Dona Paula, which was once a village, is now a tourist destination in the Indian state of Goa. It houses the International Centre Goa, the National Institute of Oceanography and Goa University. The place lies at the spot where two rivers meet to flow into the Arabian Sea.
In the olden days, fishing was the major activity of the people of Dona Paula. However, today, numerous resorts and cottages have come up, making it an important tourist destination of Goa. The erstwhile village is also home to a few top industrialists of India who have set shop here.
History of Dona Paula
The location of Dona Paula and its sculpture has given rise to many myths. The place is situated on a hammer shaped rock. One of the most popular myths related to the area is Dona and Paulo were husband and wife. One day, Paulo went fishing and never returned. His faithful wife, Dona, waited for years for him to return until she finally turned into a stone.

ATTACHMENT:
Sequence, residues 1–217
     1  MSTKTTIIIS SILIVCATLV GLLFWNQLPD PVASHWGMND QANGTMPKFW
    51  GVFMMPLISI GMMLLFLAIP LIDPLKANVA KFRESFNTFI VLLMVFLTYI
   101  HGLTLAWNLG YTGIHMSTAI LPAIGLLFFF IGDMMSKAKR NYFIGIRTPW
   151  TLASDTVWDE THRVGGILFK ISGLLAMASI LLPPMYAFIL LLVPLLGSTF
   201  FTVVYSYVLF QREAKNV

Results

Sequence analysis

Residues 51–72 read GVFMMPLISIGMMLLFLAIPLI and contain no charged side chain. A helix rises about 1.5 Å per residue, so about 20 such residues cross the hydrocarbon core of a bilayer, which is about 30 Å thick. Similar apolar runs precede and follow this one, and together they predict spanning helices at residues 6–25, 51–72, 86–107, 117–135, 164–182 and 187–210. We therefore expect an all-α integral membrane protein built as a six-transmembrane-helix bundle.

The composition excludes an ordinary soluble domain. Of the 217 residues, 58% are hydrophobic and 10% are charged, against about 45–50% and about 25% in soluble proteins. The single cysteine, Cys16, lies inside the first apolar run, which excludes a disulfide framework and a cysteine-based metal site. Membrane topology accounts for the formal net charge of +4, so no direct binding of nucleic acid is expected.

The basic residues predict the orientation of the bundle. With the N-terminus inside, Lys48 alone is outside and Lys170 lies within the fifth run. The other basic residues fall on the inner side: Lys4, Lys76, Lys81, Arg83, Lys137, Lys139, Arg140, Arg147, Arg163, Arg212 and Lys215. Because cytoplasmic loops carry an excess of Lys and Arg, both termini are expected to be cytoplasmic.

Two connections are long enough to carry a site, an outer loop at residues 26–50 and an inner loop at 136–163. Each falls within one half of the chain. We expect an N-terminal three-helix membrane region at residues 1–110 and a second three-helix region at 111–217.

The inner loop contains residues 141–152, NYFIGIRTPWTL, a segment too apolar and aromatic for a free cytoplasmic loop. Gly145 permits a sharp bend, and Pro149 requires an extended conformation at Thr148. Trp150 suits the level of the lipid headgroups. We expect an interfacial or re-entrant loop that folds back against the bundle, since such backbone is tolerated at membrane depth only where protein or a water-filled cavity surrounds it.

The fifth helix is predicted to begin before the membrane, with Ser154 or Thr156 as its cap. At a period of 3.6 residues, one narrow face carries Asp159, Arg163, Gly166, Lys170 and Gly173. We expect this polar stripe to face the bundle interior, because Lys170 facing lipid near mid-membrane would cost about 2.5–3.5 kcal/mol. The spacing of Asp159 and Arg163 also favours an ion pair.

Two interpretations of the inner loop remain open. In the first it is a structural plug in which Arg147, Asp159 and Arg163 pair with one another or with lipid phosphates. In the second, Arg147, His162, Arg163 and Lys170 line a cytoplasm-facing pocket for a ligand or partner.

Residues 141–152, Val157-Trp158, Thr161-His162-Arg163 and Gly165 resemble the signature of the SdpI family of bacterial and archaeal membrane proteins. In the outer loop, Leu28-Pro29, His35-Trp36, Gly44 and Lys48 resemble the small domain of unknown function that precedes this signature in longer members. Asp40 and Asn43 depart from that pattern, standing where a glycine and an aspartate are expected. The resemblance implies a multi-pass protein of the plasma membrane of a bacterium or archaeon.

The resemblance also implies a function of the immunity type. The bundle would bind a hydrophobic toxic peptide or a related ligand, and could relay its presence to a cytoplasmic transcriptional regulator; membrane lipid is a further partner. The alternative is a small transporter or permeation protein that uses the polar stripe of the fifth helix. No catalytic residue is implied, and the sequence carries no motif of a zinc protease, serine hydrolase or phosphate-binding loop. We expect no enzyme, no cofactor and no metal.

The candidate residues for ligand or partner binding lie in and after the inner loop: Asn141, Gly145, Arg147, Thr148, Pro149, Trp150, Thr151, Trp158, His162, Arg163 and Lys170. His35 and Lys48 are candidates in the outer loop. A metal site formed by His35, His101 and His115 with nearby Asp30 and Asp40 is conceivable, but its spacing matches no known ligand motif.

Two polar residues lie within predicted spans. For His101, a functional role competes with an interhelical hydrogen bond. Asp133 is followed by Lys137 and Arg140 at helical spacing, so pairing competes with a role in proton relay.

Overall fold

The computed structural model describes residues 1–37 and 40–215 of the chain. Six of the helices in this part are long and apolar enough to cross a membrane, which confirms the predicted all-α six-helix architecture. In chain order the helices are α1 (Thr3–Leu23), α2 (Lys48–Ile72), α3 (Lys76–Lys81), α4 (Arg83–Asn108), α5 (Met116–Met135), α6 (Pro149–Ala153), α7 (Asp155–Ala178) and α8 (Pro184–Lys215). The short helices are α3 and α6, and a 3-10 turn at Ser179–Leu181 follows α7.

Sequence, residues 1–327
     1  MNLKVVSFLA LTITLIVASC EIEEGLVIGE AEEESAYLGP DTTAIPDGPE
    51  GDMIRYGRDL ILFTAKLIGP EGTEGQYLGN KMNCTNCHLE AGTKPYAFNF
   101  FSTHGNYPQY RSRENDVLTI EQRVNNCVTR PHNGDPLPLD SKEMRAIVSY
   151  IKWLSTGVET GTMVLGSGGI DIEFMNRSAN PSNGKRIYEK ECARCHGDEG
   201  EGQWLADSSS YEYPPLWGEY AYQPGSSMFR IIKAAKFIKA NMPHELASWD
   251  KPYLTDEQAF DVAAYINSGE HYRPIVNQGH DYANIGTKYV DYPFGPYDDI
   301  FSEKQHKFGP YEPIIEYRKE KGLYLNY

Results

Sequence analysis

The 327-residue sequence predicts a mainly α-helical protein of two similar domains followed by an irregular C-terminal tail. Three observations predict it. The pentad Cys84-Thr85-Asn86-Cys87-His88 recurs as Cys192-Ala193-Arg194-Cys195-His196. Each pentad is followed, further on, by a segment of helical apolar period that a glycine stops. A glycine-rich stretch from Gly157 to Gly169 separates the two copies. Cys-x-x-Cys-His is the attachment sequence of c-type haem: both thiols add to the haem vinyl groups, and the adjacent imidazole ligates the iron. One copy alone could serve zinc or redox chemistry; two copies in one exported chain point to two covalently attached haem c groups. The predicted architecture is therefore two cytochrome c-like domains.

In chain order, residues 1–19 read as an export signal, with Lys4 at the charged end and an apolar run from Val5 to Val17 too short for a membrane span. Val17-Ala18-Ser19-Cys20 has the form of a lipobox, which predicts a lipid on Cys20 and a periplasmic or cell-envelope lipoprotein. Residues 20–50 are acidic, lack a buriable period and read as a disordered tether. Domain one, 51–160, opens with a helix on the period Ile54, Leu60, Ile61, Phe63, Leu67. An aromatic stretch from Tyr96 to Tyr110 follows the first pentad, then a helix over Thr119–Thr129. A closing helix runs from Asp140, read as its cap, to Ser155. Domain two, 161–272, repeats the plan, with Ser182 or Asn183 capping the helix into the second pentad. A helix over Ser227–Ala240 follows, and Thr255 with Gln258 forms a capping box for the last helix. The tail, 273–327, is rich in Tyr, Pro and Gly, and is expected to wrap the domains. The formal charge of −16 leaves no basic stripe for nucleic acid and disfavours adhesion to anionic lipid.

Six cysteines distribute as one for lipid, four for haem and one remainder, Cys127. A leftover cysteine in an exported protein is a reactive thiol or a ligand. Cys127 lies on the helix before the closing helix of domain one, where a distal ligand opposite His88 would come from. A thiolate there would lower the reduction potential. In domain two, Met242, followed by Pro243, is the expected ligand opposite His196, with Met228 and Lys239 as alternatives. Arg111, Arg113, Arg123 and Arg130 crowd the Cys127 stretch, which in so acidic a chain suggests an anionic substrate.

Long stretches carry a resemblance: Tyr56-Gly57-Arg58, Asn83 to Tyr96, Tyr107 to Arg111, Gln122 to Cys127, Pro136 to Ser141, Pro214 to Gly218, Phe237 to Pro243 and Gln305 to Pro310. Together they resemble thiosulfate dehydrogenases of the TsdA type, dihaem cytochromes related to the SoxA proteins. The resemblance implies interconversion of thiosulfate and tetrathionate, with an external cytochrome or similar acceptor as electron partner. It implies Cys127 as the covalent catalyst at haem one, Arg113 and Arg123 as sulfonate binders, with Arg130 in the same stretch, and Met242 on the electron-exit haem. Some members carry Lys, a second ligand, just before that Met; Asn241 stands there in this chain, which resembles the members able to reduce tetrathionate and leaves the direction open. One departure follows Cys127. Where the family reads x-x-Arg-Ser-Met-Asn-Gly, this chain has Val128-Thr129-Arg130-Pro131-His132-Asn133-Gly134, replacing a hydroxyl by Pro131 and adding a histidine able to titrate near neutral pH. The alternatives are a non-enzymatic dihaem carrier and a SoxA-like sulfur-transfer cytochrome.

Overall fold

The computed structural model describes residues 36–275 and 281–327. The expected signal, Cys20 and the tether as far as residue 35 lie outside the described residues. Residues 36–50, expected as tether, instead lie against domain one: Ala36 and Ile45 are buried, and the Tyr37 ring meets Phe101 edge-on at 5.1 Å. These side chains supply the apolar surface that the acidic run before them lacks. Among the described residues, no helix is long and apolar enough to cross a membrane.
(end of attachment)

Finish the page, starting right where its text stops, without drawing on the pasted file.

Another myth says that after Dona and Pualo were separated, they jumped off the cliff and ended their lives. The sculpture on the rock has been built to commemorate the love of the two. Paula in the name Dona Paula refers to Paula Amaral Antonio, who was a lady and the daughter of a Portuguese in Sri Lanka. The name of the place is dedicated to her. Dona, in Portuguese means married and Paula was married to a Spanish man, hence the term Dona Paula.
Things to do in Dona Paula
Dona Paula is essentially a beach resort, with water sports being the primary activity. Some tourist attractions of Dona Paula are the National Institute of Oceanography, the Salim Ali Bird Sanctuary and the Cabo Fort.
Like the rest of Goa, Dona Paula has a tropical climate, with high humidity throughout the year. The temperature here ranges from 30-35° Celsius throughout the year, and the best time to visit Dona Paula is during the months of November to February.
Travelling to Dona Paula
The place does not have a railway station or an airport. The best way to reach Dona Paula is by road or via a boat from one of the nearby cities of Goa.